Harvey Brings New Light to Hunkering Down

“Listen, Harvey, it’s your turn to ‘hunker down’. The Saturday night Astros game with the Angels is only a little more than an hour away.”

 

The reason we don’t have a great thesaurus for hurricane-speak is probably tied to the fact that everyone seems to understand the simple terms we now use without harbering great fear that to see them used twice in the same spoken or written paragraph of thought will be tantamount to sloppy, hackneyed expression.

For example:

Every impending hurricane starts with two choices for the residents in its path: either “Hunker Down” or “Get Out of Dodge”.

What could be clearer?  Well, other than how strong is the storm? how fast is it moving? where is it projected to land? will you be on the dirty eastern side of the storm if you stay put? is your property on a flood plain? how close to the ocean are you? do you have a car full of gas and a house full of non-perishable supplies and a clear understanding of what those supplies need to include? got flashlights with batteries and first aid supplies, for example? do you still have time to leave or will you just be stuck in a panicking traffic jam on the highway, if you leave now? Stuff like that. And don’t forget the danger of tornadoes that often spawn as the barometric manifestations of the unstable atmosphere created by the presence of a landing hurricane and its powerful swirls of air and water.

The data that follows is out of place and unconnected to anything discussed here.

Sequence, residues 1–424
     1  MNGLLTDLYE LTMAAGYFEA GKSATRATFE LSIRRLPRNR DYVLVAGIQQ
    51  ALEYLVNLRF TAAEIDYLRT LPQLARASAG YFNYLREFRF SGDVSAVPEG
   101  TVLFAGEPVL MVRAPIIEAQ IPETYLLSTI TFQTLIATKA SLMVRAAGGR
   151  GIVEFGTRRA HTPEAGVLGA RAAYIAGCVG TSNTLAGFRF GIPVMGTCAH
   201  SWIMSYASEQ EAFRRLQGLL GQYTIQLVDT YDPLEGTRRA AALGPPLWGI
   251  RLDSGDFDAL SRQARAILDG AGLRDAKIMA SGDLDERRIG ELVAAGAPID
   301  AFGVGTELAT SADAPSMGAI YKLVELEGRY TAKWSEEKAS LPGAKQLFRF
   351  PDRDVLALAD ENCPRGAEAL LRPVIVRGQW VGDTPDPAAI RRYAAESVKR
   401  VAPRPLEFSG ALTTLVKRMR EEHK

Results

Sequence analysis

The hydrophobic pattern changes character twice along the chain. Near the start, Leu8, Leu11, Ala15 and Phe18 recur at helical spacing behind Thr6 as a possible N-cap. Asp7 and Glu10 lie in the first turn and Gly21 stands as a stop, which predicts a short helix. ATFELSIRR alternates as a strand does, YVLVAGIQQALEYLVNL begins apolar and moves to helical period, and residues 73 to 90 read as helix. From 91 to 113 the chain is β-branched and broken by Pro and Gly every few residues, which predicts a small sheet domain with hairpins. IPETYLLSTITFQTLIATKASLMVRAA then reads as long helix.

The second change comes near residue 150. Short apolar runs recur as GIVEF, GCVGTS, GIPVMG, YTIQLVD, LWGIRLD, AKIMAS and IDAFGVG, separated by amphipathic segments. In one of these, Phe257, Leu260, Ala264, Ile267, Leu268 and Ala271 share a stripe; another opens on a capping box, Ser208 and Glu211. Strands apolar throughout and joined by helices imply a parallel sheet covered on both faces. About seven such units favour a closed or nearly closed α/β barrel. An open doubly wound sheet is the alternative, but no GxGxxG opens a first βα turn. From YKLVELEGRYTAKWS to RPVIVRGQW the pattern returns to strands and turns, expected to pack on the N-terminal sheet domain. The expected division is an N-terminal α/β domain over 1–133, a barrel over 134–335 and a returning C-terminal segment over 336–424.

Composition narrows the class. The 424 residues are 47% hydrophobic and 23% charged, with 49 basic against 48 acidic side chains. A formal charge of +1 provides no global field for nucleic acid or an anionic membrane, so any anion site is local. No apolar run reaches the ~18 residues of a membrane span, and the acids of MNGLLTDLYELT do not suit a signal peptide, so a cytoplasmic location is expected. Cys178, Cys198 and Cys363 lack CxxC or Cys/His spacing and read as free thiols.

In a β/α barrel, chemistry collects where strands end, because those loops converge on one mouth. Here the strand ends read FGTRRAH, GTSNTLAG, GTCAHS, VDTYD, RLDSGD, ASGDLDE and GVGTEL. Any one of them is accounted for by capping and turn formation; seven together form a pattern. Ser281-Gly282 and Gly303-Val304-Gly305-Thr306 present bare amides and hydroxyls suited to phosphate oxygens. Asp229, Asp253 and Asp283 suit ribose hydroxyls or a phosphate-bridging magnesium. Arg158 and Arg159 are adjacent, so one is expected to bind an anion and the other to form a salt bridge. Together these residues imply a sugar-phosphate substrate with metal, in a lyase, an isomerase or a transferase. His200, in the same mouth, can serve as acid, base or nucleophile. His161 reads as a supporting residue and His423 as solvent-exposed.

Interesting. We just wrote the previous paragraph without once using either “hunker down” or “get out of dodge”. The perils of either seem to be obvious – in other words.

At 7:10 PM, Saturday, we are still under a tornado watch on the west Houston I-10 corridor and it is again raining hard, but the drift we are picking up from the local Channel 2 News is that Harvey has weakened more than expected coming inland and may not have the power to do that loop that will make the rain situation in Houston as bad as it was predicted to be.

But please don’t take my word as your weather cast. Pay attention to the Weather Channel and the other weather pros.

As for the rest of the “hunkering down” experience, we’re good. Hunkering down at home is a life style for some of us who have grown long of tooth. That means I’ve gotten in a nice nap this afternoon in preparation for the 9:00 PM AT&T Sports.net telecast of the Astros game in Anaheim versus the Angels.

If the power stays on and the creek doesn’t rise, it’ll still be “baseball tonight”.

 

********************

Bill McCurdy

Principal Writer, Editor, Publisher

The Pecan Park Eagle

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3 Responses to “Harvey Brings New Light to Hunkering Down”

  1. maxwell1901 Says:

    Stay safe, Bill

  2. gregclucas Says:

    Has anyone ever “hunkered up”?

  3. Becky Says:

    You’re incredible, Dr. Bill- you could be paid a lot of money for your knowledge of the English language! We’re still hunkered down – and experiencing slight ‘cabin fever.’ ;-]

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